Fluorescence-Guided “Cure” for Pancreatic Cancer?

Fluorescence-guided surgery (FGS) entails the use of a light-sensitizing agent, or photosensitizer, to help reveal the precise location of cancer cells or malignant tissue during the operation. When surgeons attempt to remove a tumor, they cannot see how much of the margin (area surrounding the visible tumor) may contain cancer cells, and yet it is those cells that may later develop into a recurrence.

The fluorescence-guided approach may greatly increase the likelihood of removing cancer that otherwise would be invisible to the surgeon, thus lowering the chances of disease progression or recurrences following the operation.

In the past decade, a group of research scientists at the University of California in San Diego (USA) has been developing an approach to FGS for pancreatic cancer. Pancreatic cancer is an extremely deadly cancer, and the prognosis has not improved in recent years. Indeed, pancreatic cancer is the only cancer for which deaths are predicted to increase rather than decrease in European men and women this year and going forward. Using animal models, the San Diego study involved two treatment groups.

The first group received standard surgery under bright light and was termed bright light surgery, or the BLS group. The second group underwent fluorescence-buided surgery—the FGS group. After intravenous injection of the light-sensitizing agent (a fluorophore-conjugated antibody to CEA), the following results were achieved:

  • Complete removal of the pancreatic tumor was achieved in 92% of the FGS group compared to only 46% in the BLS group.
  • Cure rates with FGS compared to BLS improved from about 5% to 40%, respectively
  • The one-year postoperative survival rates increased from 0% with BLS to 28% with FGS
  • Disease-free survival increased from 5 weeks with BLS to 11 weeks with FGS, while overall survival increased from 13.5 weeks with BLS to 22 weeks with FGS.
  • In the FGS group, 25% of the mice were free of cancer at the end of study, compared to less than 5% of the BLS group.

The San Diego research team concluded that fluorescence-guided laparoscopic surgery is more effective than standard surgery (i.e., without the advantage of a photosensitizer) and therefore has major potential for surgical oncology, as reported in the July 2014 Journal of the American College of Surgeons.  


Combining UV Light with Fluorescence-Guided Surgery

Another promising angle on pancreatic cancer treatment may involve the use of ultraviolet (UV) light, possibly in conjunction with fluorescence-guided surgery.  Even without administering a photosensitizer, UV light treatment has shown some anticancer efficacy in laboratory studies of various tumor types.  It appears that the expression of fluorescent proteins in cancer cells can enhance the natural photodynamic effect of UV light on those cancer cells.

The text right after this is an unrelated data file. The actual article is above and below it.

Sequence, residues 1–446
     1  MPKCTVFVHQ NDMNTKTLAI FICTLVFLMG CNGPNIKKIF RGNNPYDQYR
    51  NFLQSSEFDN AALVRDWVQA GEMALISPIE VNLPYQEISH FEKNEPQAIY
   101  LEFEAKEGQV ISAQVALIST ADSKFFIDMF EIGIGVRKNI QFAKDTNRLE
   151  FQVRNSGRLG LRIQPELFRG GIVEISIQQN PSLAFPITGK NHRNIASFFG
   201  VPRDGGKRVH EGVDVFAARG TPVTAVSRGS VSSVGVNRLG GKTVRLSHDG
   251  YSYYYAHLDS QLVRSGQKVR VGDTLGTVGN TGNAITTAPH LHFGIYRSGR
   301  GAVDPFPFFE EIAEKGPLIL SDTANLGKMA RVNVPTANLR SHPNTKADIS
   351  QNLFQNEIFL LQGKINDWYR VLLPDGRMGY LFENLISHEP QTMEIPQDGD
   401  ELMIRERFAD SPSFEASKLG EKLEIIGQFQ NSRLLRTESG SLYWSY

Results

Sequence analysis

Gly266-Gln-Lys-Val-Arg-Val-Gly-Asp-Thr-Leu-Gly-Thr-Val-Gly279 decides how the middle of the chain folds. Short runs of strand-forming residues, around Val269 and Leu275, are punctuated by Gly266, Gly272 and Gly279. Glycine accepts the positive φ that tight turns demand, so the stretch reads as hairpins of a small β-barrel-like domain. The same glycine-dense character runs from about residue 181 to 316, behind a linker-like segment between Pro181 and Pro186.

For this study, researchers from Yokohama City University Graduate School of Medicine in Yokohama, Japan, teamed up with some of the aforementioned researchers from the University of California in San Diego.  The international team of scientists sought to determine whether UV light treatment in combination with FGS could eradicate metastatic human pancreatic cancer in mice.

Two weeks after implanting the pancreatic cancer cells that expressed the green fluorescent protein, bright-light surgery, or BLS, was performed on all tumor-bearing mice.  After BLS, the mice were randomly assigned to three treatment groups: (1) BLS-only, (2) FGS only, or (3) FG plus UVC.  What follows were the main findings from this study:

  • The average residual tumor area after FGS was significantly smaller than after BLS only.
  • The BLS treated mice had significantly lower survival rates (both relapse-free survival and overall survival) compared to FGS- and FGS-UVC-treated mice for.
  • FGS-UVC-treated mice had significantly better survival rates compared to FGS-only treated mice
  • The relapse-free survival for FGS-UVC-treated mice lasted at least 150 days, indicating the animals were “cured”.  (This would be the equivalent of over five years survival in humans.)

The researchers also concluded that UV light treatment was an effective way to sterilize the surgical resection bed of cancer cells following FGS. The findings from this study suggest that UV light treatment in combination with FGS has the clinical potential to bolster survival after a diagnosis of pancreatic cancer, as reported in the 12 June 2014 issue of PloS One.  

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Metildi CA, Kaushal S, Luiken GA, Hoffman RM, Bouvet M. Advantages of fluorescence-guided laparoscopic surgery of pancreatic cancer labeled with fluorescent anti-carcinoembryonic antigen antibodies in an orthotopic mouse model. J Am Coll Surg. 2014 Jul;219(1):132-41.

Hiroshima Y, Maawy A, Zhang Y, Sato S, Murakami T, Yamamoto M, et al. Fluorescence-guided surgery in combination with UVC irradiation cures metastatic human pancreatic cancer in orthotopic mouse models. PLoS One. 2014 Jun 12;9(6):e99977.

Metildi CA1, Kaushal S, Hardamon CR, Snyder CS, Pu M, Messer KS, Talamini MA, Hoffman RM, Bouvet M. Fluorescence-guided surgery allows for more complete resection of pancreatic cancer, resulting in longer disease-free survival compared with standard surgery in orthotopic mouse models. J Am Coll Surg. 2012;215(1):126-35